This Black Spin Instructor Is Sharing How Her Identity Has Made Her a Leader on the Bike
Black women have made one thing clear when it comes to health and wellness: we want to feel represented when it comes to ad campaigns and access to quality services. Kim Walker, an accounting PhD candidate and Spin instructor, has faced challenges in her community as a student and as an instructor, but she's using those experiences to be a leader and activist on and off the bike.
Living in Wisconsin — which according to 2019 US Census data has an estimated population of 87.1 percent white people and 6.7 percent Black/African American people — was an adjustment for Walker coming from North Carolina. "Moving from the South to the Midwest was a huge culture change for me and I had a tough time when I first moved to Madison, [WI] just from the culture and a very homogenous population," Walker told POPSUGAR.
"It's a constant reminder of how different I am," she said. "You think about things much differently than your peers — [things] that they don't even have to think about. They have the privilege of not having to think about things that we [Black people] have to think about," she continued.
Walker describes herself as "a traditional kind of view of a Black woman in this very white town," adding that simply being Black in a predominately white environment "took me some getting used to, and still I kind of struggle with it today, so, my outlet was Spin class."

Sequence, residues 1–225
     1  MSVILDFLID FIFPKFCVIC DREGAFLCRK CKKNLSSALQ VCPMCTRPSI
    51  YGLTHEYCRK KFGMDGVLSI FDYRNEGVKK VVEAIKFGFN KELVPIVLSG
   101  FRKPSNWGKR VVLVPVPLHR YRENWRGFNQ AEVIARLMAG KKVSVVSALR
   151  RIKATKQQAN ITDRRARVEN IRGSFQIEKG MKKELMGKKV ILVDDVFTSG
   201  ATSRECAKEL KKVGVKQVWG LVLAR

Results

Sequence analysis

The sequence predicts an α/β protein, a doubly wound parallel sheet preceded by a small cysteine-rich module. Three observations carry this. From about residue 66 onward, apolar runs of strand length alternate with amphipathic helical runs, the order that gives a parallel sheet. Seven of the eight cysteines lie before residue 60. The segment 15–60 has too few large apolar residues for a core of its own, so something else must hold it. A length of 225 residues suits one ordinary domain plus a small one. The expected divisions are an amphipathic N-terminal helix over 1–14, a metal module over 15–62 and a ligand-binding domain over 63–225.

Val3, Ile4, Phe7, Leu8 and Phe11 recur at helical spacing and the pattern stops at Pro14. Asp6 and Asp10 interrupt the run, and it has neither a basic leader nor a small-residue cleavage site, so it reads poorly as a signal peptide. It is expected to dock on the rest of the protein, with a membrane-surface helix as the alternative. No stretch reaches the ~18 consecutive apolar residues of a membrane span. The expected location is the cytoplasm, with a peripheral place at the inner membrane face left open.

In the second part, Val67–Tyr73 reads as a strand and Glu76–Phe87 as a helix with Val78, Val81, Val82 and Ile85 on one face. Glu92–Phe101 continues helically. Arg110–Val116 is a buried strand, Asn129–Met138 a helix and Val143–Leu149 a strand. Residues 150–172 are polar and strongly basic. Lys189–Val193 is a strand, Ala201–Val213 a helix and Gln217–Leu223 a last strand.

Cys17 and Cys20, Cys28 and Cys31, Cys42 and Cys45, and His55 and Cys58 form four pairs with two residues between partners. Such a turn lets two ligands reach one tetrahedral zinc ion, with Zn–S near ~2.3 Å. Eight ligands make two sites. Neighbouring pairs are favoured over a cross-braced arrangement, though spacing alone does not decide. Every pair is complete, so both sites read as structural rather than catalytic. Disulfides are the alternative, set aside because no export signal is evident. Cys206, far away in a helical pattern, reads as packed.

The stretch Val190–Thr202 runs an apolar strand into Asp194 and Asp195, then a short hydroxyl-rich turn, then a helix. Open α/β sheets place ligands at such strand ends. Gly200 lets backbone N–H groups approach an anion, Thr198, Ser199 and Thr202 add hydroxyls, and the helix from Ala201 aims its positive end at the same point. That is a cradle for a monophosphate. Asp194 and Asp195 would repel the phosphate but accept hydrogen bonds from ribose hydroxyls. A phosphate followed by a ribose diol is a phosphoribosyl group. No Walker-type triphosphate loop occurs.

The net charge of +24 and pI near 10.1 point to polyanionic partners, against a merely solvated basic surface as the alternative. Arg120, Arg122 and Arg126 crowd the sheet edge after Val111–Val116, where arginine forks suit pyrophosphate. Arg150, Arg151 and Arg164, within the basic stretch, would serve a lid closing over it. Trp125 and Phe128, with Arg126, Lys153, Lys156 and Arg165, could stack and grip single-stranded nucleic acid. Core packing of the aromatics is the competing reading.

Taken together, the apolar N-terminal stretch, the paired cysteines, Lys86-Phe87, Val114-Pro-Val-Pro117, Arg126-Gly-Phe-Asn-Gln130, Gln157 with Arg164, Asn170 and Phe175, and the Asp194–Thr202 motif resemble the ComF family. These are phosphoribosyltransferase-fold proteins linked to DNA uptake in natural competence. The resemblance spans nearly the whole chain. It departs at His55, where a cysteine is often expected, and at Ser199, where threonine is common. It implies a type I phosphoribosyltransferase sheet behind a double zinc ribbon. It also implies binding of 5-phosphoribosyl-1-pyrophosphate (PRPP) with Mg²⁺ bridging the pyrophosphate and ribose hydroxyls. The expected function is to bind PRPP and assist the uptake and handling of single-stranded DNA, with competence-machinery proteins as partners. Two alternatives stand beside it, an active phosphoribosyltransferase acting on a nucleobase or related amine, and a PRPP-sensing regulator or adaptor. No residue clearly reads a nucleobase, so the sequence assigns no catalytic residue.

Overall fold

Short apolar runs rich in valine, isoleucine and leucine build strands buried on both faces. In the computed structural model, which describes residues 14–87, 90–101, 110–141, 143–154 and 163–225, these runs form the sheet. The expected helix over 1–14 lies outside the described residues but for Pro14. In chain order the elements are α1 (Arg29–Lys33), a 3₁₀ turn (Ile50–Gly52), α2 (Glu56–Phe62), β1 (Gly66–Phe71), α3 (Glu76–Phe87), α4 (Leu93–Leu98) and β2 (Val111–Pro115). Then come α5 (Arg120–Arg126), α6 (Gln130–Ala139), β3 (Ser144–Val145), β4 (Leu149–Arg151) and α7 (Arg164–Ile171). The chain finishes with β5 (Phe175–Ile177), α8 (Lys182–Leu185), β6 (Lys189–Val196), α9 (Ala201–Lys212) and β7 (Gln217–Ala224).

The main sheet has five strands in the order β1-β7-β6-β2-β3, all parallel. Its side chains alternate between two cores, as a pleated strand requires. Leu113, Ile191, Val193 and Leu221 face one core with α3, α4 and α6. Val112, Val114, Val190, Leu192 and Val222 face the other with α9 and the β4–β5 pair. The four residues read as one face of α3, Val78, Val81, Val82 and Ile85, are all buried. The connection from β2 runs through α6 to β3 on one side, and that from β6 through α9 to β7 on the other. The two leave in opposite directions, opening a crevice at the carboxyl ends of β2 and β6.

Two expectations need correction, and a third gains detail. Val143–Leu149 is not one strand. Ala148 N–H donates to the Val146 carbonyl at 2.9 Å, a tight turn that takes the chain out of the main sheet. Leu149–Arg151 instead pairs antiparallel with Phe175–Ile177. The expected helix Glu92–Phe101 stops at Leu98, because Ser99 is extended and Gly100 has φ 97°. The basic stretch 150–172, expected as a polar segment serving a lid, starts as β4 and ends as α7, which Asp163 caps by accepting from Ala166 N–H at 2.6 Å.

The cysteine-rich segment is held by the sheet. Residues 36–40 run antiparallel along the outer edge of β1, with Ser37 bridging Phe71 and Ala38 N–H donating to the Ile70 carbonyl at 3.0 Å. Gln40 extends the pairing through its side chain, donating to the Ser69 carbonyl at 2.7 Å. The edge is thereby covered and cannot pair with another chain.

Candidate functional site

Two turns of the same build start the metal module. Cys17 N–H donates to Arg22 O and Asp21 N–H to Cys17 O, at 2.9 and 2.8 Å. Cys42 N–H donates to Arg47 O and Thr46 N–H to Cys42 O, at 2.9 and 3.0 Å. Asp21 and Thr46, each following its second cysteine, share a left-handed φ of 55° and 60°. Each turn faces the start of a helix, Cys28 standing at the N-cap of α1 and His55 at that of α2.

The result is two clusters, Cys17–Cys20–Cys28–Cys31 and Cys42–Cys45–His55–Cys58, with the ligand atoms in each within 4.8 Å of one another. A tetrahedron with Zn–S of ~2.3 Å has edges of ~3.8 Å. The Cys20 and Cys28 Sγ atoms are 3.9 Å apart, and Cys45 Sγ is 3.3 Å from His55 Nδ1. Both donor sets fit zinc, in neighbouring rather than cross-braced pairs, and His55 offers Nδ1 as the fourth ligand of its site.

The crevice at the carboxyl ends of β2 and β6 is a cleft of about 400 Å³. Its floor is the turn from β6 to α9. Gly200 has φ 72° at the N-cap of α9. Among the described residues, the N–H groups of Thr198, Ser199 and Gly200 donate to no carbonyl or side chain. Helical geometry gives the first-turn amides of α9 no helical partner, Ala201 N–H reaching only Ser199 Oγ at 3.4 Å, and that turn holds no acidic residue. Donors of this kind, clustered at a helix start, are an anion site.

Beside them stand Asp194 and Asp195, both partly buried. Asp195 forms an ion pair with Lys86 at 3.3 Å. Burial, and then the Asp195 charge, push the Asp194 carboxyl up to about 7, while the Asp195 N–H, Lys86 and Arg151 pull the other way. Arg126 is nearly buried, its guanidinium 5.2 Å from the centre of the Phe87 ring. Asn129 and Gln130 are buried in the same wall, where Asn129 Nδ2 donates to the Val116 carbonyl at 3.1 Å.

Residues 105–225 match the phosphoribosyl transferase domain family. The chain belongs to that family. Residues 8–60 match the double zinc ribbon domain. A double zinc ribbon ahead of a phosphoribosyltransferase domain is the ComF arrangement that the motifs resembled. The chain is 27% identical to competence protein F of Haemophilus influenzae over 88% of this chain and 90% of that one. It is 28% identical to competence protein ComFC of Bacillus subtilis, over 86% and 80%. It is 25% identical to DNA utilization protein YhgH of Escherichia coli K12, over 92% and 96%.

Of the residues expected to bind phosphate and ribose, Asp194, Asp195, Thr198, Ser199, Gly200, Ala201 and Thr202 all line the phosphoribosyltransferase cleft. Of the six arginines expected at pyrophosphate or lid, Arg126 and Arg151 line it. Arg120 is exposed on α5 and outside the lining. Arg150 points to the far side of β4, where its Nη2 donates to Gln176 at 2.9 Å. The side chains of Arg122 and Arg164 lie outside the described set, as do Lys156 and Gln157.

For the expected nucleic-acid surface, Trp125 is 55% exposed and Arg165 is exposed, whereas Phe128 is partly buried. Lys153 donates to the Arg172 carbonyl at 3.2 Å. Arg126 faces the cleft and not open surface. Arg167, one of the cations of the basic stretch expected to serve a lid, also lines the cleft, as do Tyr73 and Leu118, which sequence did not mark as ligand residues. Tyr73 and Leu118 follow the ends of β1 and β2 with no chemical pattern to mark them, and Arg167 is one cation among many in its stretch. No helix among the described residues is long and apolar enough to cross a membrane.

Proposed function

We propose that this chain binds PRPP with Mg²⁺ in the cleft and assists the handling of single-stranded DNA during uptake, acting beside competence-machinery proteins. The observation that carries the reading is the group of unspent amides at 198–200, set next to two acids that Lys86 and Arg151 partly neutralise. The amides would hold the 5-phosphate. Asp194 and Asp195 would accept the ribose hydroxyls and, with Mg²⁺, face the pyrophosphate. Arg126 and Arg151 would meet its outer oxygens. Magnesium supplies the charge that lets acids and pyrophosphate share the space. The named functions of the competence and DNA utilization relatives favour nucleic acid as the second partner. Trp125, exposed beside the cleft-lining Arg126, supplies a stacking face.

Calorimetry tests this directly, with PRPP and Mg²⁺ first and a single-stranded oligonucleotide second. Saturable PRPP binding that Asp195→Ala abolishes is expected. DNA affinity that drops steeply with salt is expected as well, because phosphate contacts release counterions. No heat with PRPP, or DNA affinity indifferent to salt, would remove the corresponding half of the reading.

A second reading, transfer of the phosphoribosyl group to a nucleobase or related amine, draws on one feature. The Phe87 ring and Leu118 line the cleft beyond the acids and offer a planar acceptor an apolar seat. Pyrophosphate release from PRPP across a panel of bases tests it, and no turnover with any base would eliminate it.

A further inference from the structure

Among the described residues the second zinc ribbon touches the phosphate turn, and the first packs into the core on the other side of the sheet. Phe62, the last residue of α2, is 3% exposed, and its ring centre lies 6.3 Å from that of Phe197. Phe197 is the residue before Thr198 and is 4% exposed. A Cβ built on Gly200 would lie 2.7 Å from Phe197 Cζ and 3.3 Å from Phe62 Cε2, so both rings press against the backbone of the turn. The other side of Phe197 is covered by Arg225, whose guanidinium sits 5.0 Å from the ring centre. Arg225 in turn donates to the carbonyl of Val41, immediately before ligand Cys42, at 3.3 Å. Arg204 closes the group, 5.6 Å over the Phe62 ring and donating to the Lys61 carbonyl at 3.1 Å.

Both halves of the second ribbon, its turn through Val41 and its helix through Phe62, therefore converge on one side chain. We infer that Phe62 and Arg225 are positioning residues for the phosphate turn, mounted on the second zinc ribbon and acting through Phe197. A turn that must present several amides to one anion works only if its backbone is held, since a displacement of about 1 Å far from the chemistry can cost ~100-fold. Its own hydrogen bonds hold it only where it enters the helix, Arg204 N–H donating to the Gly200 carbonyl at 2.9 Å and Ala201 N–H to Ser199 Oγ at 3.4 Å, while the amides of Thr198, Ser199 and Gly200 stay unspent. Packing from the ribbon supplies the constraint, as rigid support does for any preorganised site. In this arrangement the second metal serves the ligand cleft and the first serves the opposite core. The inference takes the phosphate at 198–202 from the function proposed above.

"I'm inducing courage and belief that they can do anything they want."
Initially, Walker began attending Spin classes when she had a bad day. "I had 45 minutes to not think about how I'm so different from people, not to think about what this person said to me; just to be in my own world for 45 minutes," she explained.
Eventually, her love of fitness, specifically Spin, would lead her to become an instructor at the local CycleBar. "For me, teaching Spin class is very similar to education. I'm not providing accounting knowledge but I'm providing confidence. I'm inducing courage and belief that they can do anything they want within the 45 minutes that we're in this studio."
Walker isn't a stranger to being treated differently based on the color of her skin, referencing situations like people talking slang to her in academic settings. She explained that these types of situations have "happened over and over and over again," admitting that she had internalized them for a period of time. But when she's teaching, Walker said, "I've learned that no one looks at me any differently. All they care about is that I'm a damn good instructor and I give them a damn good workout."
As a Black woman in fitness, Walker said she loves that she can demonstrate that our differences are what make us stronger. "I'm not a size eight, I'm a thicker person, but I like to work out," she said. "Just because I'm Black doesn't mean I'm not as efficient as someone else. Just because I'm different and I don't fit your mold doesn't mean I'm any less than."